Since all my friends are college alums, and all their children are college attendees, their houses are littered with college promotional material. That’s how I got my hands on a magazine called Macalester Today, in which Macalester College boasts about things that, in a normal world, would deeply embarrass it. Macalester, incidentally, charges over $60,000 per year for room and board. Here, in no particular order, what I discovered leafing through my friend’s magazine:
Macalester, a second- or third- tier liberal arts college, boasts that it has multiple therapy dogs to help students deal with homework stress. These kids have 12 hours or so of classes a week plus homework. Pardon me if I’m not weeping tears for the stresses they’re under. In addition to a full class load at college, I spent 30 hours a week commuting and 20 hours a week working, while graduating Magna Cum Laud and Phi Beta Kappa. It’s not that I’m that smart, so believe me when I say I’m not boasting; it’s that, in the liberal arts, college isn’t that hard.
The way Macalester Colleges defines down what constitutes “stress” is bad enough. I’m sure that, for some people, leaving home and being responsible for themselves for the first time is indeed stressful and they initially lack the skills to handle that stress. One of the things you’re supposed to do in college is to learn the skills — not (to my way of thinking) to have the university essentially cheer you on for lacking them.
What’s worse than this response to growing up (which can be hard) is the article’s opening paragraph, which hones in on precisely why Macalester’s students are really stressed and in need of therapy . . . er, in need of therapy dogs:
On the morning after a stunning presidential election night, when searches for “the five stages of grief” started trending on Google, the student team behind Macalester’s therapy dog program knew just how to start the healing process.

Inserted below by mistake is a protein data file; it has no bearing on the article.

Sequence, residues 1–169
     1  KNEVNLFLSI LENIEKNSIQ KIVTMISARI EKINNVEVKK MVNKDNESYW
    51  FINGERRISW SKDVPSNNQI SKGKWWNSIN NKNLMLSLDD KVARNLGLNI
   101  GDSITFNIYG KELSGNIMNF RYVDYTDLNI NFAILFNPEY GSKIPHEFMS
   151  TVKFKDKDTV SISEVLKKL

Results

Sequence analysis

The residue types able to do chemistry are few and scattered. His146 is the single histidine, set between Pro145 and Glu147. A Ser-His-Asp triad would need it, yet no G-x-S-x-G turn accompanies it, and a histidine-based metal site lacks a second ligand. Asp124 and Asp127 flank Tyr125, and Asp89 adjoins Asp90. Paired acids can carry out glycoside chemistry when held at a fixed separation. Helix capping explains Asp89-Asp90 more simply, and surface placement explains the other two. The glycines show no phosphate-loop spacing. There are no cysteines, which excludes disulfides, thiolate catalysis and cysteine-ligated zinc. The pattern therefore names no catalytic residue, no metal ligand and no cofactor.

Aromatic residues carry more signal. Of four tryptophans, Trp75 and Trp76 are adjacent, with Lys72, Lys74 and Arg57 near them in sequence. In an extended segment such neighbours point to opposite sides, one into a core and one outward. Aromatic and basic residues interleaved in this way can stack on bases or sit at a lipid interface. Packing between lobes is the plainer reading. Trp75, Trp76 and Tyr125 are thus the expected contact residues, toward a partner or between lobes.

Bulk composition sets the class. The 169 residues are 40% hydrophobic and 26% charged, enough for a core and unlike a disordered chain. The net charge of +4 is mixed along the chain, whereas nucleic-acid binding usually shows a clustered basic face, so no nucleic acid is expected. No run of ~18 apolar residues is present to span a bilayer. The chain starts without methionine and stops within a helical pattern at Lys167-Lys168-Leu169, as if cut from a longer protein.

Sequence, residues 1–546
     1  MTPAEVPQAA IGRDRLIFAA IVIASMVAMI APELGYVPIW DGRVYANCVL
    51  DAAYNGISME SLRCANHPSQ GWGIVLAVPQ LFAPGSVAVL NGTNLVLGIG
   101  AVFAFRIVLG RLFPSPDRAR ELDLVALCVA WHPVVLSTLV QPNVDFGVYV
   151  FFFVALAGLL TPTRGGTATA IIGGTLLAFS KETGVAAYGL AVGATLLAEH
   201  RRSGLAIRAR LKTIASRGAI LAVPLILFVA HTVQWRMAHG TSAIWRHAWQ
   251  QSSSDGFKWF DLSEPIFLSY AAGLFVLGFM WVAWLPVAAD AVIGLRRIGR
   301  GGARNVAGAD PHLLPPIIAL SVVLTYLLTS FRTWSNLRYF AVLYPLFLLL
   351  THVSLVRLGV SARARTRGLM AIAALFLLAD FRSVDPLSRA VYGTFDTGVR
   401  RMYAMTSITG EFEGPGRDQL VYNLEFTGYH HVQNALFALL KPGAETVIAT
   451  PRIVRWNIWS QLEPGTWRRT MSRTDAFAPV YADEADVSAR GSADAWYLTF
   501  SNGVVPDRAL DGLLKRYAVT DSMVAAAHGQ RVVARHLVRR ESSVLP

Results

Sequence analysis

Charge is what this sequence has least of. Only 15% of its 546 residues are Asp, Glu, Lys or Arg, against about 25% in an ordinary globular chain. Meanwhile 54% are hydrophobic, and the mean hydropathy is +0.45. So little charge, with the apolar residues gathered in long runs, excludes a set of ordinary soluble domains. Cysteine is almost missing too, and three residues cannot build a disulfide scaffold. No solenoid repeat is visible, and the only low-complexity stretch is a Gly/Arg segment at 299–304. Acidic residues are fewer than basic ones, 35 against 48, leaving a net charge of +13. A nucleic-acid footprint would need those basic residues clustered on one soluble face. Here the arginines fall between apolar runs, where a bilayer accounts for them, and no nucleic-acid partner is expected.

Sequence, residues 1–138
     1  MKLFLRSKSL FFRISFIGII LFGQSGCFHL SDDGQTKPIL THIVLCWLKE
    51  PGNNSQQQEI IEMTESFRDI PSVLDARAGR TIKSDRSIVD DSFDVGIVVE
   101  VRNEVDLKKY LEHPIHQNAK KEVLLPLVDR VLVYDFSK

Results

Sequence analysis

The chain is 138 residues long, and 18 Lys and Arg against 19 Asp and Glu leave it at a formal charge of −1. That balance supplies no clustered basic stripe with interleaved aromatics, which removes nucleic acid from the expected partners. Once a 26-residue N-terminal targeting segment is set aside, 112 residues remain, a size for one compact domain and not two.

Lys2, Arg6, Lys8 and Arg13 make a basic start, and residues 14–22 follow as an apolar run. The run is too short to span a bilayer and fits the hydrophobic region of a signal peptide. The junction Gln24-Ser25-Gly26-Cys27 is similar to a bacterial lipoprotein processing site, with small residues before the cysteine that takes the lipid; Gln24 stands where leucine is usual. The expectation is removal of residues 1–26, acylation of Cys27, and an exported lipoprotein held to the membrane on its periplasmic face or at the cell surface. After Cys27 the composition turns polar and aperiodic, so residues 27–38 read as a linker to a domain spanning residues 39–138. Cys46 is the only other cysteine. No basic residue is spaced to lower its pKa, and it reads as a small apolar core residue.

“We posted an old puppy picture of Kevin on his Instagram account, just to let people know he’d be on campus if they needed to see him,” says Emma Burt ’17 (Shoreline, Wash.), who regularly attends to Kevin, the flaxen-bellied therapy dog who has become a celebrity on Mac Social since the Petting Away Worry and Stress program (PAWS) started on campus last fall. The family dog of medical director Dr. Steph Walters, and the self-confident alpha in a growing pack of comforting campus canines, “Kevin’s got a way of making people feel better just by being here,” says Emily Johnson ’17 (Waimea, Hawaii), another of Kevin’s four trained student handlers. “And we figured it could be a busy day for him.”
When the 80-pound pedigreed golden retriever clocked in for his usual Thursday morning session at the library—the same day President-elect Donald Trump and his transition team were making their first visit to the White House—more than 50 Mac students stopped by in almost as many minutes to bask in his golden glow. Some smiled from afar and called out his name (inspired by the rainbow bird in the movie Up). Others scratched his ears, or invited him to lean his large head against their legs. Still others, like Ellie Hohulin ’19 (Glen Ellyn, Ill.), dropped down on all fours to bury her hands in Kevin’s well-groomed fur.
As best as I can tell, Macalester College mostly matriculates normal young people and then, over the process of four years, graduates dysfunctional basket cases. While few people love dogs more than I do, this infantilization of life’s normal stresses is just so wrong.
There were other things beyond the cover story that got me hooked on the sheer awfulness of Macalester Today. For example, there’s the blurb on what Macalester calls “capstones.” As best as I can tell, they are what we used to call “senior theses.” The magazine lists seven of the most “intriguing” examples. I’ve highlighted the ones in that list of seven that really intrigued me:
- “Beyond Betty Crocker: Cookbooks as a Means for Spreading a Radical Message”
- “You Won’t Believe What’s Happening to Journalism: Trust, Funding, and Tradition in the Era of Buzzfeed News”
- “Marching Against the Madness: Macalester College and the Counterculture, 1966-1974”
- “A Tale of Two Gay Villages: An Urban Political Ecology Approach to Globalization”
- “Boys Club: Tackling Racism, Masculinity, Gender Violence, and Playing Basketball”
- “Watching it Burn: Republican Environmental Decision-Making”